Thoracic medicine specialist

What they do

Thoracic medicine specialists diagnose and manage disorders and diseases of the respiratory system. They assess and treat acute and chronic problems of the respiratory system that affect the lungs, the upper airway and the chest wall.

Thoracic medicine specialists may take care of many different conditions, including lung cancer, pneumonia, mesothelioma (a rare form of cancer caused by exposure to asbestos), asthma, as well as congenital disorders such as cystic fibrosis. They may also treat tuberculosis and other respiratory infectious diseases.

Working conditions

Thoracic medicine specialists may work for the public hospital system, their own private consultation practice, or a mixture of both. They may also supervise and teach medical students and registrars. They may be required to work long shifts, odd hours and weekends. They may be required to be on-call in case of an emergency.

Tools and technologies

Thoracic medicine specialists use machines such as spirometers to measure lung function, blood gas analysis machines, and bronchoscopes to view and evaluate the respiratory system. They also use X-rays, computed tomography (CT) scans, magnetic resonance imaging (MRI), ultrasonography, positron emission tomography (PET) scans, pulmonary angiography, and chest fluoroscopy to assess and diagnose respiratory disorders and diseases.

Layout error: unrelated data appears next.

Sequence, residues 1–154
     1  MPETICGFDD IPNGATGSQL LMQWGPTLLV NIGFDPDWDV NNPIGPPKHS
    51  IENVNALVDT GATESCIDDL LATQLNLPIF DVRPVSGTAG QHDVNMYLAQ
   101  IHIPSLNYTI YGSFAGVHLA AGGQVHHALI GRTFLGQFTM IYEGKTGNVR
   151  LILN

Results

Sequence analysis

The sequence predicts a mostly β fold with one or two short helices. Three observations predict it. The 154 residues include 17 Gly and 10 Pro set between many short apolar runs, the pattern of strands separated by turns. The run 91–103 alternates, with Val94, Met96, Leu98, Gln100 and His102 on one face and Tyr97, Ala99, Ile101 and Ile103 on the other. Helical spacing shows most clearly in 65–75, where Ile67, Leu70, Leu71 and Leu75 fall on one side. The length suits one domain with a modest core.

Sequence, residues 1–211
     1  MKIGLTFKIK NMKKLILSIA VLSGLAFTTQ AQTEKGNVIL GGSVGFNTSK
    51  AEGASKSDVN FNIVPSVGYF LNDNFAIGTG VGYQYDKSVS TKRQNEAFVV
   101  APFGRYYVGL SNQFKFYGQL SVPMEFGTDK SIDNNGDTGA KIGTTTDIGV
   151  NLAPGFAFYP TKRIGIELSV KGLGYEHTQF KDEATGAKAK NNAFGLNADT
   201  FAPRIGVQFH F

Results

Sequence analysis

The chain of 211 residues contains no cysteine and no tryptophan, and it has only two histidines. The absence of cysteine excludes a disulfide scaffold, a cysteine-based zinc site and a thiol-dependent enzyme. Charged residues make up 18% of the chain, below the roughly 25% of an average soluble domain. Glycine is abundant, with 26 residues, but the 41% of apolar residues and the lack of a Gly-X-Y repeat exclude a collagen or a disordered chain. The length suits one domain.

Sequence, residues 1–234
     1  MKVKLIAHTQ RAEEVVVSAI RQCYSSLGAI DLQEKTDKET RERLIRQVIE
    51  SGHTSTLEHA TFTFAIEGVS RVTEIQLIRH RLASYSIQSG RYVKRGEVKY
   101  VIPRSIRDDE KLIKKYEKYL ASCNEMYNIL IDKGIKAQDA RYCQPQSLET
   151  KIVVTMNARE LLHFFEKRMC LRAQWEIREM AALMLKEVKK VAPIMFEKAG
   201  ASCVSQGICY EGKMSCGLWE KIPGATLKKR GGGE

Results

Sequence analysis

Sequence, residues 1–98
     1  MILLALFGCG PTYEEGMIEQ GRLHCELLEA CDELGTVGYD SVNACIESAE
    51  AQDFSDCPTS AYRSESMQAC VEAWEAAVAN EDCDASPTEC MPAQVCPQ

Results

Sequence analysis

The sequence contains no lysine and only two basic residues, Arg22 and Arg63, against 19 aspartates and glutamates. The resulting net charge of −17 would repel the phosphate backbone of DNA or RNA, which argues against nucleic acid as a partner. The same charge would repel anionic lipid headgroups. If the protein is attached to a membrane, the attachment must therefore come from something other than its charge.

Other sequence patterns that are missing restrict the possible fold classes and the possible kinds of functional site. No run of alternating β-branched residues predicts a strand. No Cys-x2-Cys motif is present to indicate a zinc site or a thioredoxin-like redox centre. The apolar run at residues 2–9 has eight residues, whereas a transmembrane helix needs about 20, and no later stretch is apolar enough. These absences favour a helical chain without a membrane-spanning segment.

How do I become one?

Education and training

To become a thoracic medicine specialist, you need to first become a qualified medical doctor and then specialise in thoracic medicine.

To become a medical practitioner, you need to study a degree in medicine. Alternatively, you can study a degree in any discipline followed by a postgraduate degree in medicine.

Some universities in Western Australia offer relevant courses.  Contact the universities you are interested in for more information.

To specialise in thoracic medicine, doctors must apply to the Royal Australasian College of Physicians (RACP) to complete the Respiratory Medicine and Sleep Medicine Training Program and ultimately receive fellowship.

To be eligible for this specialist training, on completion of your medical degree, you must work in the public hospital system for two years (internship and residency).

Required registration and licensing

To work as a thoracic medicine specialist in Western Australia, you will need to obtain registration from the Medical Board of Australia.

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